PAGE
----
Page 204 - The-History-of-the-Lancashire-Fusiliers-1914-1918-Volume-I

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19 17
praise in a letter in which he remarked that "even the Strombos
horn was polished."
Two days later, on 30th September, the 1st Battalion was
1ST AN .
responsible for a successful raid on the enemy lines opposite Railway
Wood. At 7 p.m. that evening, a raiding party consisting of Captain
Stevenson, Second-LieutenantRDownes, Second-Lieutenant
F. R Logan and 37 N.C.Os. and men assembled in the front line.
At 7.30 p.m. Logan and a small party carrying a Bangalore torpedo
moved out to a selected position in No Man's Land, while flank
guards were posted in shell holes on the right and left. Between
8 p.m. and 8-40 p .m. a barrage of fire was gradually built up, first
light trench mortars, then Stokes mortars, howitzers and field guns,
and finally machine guns. At 8.30 p.m. the raiding party left their
trenches and formed up in No Man's Land. Ten minutes later
Logan's party moved forward to the German wire, which it found
partially destroyed. In another ten minutes, after two missfires, the
Bangalore torpedo had made a sufficient gap; and after an
intensive bombardment for five minutes, the main party under
Stevenson entered the German trench. Downes led some men to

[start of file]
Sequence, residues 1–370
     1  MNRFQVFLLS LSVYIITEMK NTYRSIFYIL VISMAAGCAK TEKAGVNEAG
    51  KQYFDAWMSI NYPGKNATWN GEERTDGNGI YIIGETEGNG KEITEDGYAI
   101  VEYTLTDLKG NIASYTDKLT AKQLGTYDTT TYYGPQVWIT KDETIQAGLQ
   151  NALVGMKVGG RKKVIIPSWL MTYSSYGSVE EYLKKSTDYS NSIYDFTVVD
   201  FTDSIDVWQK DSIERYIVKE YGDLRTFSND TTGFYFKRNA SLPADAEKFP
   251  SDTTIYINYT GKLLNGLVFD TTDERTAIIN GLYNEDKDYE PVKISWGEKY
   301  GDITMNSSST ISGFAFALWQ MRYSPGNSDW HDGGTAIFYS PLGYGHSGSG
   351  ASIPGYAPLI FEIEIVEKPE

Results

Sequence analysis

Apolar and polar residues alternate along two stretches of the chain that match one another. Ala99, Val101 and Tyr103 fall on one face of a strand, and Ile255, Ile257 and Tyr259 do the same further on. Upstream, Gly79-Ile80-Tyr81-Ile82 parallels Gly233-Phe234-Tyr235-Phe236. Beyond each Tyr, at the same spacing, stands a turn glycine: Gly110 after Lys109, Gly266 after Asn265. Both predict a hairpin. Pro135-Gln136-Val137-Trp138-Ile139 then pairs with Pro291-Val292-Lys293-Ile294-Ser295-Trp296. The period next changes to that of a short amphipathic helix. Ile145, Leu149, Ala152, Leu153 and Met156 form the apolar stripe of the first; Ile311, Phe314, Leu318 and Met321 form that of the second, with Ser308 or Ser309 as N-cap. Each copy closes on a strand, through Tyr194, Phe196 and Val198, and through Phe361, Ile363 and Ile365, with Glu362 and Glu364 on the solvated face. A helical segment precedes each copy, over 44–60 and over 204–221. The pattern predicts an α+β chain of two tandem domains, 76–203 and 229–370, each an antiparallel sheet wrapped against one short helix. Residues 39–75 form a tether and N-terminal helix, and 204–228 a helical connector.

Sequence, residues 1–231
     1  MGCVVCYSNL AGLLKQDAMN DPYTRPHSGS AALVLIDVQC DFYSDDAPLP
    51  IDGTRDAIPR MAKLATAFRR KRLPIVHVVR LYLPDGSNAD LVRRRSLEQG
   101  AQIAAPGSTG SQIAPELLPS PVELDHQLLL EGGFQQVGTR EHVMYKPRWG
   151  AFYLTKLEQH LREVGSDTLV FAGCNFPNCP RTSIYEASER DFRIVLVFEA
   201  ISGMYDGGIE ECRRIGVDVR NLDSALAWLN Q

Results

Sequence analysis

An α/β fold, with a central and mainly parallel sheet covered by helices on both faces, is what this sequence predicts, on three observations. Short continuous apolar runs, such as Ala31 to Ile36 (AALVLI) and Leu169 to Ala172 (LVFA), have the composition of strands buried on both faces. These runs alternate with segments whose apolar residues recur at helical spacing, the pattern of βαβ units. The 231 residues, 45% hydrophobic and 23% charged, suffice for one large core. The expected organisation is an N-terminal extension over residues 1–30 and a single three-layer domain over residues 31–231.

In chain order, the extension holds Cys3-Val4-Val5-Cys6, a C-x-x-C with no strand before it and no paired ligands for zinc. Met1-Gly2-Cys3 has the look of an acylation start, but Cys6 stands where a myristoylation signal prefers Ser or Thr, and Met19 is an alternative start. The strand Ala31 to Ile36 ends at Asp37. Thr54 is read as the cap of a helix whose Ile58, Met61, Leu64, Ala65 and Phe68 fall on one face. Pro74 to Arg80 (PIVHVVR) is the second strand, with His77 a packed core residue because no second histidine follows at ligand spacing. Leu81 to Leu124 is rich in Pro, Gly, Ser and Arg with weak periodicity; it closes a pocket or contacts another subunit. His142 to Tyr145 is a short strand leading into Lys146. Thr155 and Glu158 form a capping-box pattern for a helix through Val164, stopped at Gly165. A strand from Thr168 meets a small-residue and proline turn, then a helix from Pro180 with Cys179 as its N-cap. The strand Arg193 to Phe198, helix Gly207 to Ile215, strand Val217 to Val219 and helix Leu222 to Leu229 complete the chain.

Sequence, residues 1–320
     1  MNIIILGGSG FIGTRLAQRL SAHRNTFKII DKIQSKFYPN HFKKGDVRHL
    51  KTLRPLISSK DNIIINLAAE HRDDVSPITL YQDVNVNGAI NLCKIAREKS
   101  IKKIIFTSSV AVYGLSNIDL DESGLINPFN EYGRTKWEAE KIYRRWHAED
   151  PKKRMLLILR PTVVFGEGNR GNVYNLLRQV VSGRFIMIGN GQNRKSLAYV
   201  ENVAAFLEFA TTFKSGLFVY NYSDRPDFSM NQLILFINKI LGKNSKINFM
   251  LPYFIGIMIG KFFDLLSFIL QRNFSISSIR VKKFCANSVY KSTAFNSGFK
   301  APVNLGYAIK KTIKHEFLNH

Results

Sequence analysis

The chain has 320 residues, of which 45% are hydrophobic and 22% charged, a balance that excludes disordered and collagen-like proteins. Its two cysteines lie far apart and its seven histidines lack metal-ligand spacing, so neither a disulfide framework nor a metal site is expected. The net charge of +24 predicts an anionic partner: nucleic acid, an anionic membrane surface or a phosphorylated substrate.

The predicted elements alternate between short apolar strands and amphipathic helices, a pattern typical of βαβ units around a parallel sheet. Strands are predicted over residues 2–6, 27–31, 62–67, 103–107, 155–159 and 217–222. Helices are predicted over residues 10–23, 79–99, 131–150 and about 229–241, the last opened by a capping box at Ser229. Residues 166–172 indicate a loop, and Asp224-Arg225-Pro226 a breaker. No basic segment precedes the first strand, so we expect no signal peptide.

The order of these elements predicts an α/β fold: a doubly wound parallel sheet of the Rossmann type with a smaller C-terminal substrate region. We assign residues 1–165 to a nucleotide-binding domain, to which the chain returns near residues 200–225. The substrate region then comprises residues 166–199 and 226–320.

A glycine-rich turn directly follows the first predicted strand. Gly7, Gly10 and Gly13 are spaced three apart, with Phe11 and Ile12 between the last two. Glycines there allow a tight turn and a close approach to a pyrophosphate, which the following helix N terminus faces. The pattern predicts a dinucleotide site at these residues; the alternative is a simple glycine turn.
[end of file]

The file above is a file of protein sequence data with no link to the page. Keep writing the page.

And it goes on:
the right and met a German post of four men who threw away their
rifles and fled, while Logan and his party moved to the left for
fifty yards and blocked a communication trench. No further signs
of the enemy were seen; but, when the raiders were recalled at
9.20 p.m. by the sounding of the Regimental call on a bugle, they
brought back with them three rifles, a quantity of ammunition, bombs
and periscopes and five bundles containing greatcoats and kit from
which some useful identifications were obtained. The only casualty
suffered was one man slightly wounded. Telegrams of congratulation
were received from the Army andCorps Commanders; Captain
F. B.
Stevenson was awarded the Military Cross; and Serjeant
Corporal E. Wright, Lance-Corporal W. H. Whittaker and Private
T. W. Pollard received the Military Medal.
In the same week the 18th Battalion (Lieutenant-Colonel R
18 TH BN .
Irvine, C.M.G.) was involved in a night of bombing encounters
while in the line at Dainville near Arras. At 10.30 p.m. on 2nd
October two bombing patrols were sent out. That from the right
("Z") company was unable to find a way through the enemy's wire,
but bombed one of his sap-heads and returned by midnight without
loss. The other, from the left ("X") company, got into the German
wire where it was bombed, Second-Lieutenant H . F. Ward being hit.
At 2-45 a.m. Serjeant Coates returned to the British lines, having
partly carried, partly rolled, Ward across No Man's Land, an action
for which he was subsequently praised by the Divisional Commander.
Four other men came in later, but three N.C.Os. and men were
wounded and one missing as the result of this affair.
The 18th Battalion was less successful as regards praise
18T R AN .
from the Divisional Commander when he visited part of the
front line during the morning of 4th October, for he commented
adversely on the number of officers' servants in Serjeant Rushton's